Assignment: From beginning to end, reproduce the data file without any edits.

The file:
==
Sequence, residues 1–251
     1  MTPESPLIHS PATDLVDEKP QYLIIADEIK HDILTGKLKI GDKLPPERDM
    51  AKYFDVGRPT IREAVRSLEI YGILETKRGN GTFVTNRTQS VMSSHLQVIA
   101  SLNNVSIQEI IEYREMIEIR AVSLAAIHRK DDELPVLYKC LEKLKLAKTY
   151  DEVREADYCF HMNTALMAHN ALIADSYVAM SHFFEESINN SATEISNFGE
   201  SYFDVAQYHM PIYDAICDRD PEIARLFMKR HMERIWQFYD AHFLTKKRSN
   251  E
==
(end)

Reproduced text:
Sequence, residues 1–251
     1  MTPESPLIHS PATDLVDEKP QYLIIADEIK HDILTGKLKI GDKLPPERDM
    51  AKYFDVGRPT IREAVRSLEI YGILETKRGN GTFVTNRTQS VMSSHLQVIA
   101  SLNNVSIQEI IEYREMIEIR AVSLAAIHRK DDELPVLYKC LEKLKLAKTY
   151  DEVREADYCF HMNTALMAHN ALIADSYVAM SHFFEESINN SATEISNFGE
   201  SYFDVAQYHM PIYDAICDRD PEIARLFMKR HMERIWQFYD AHFLTKKRSN
   251  E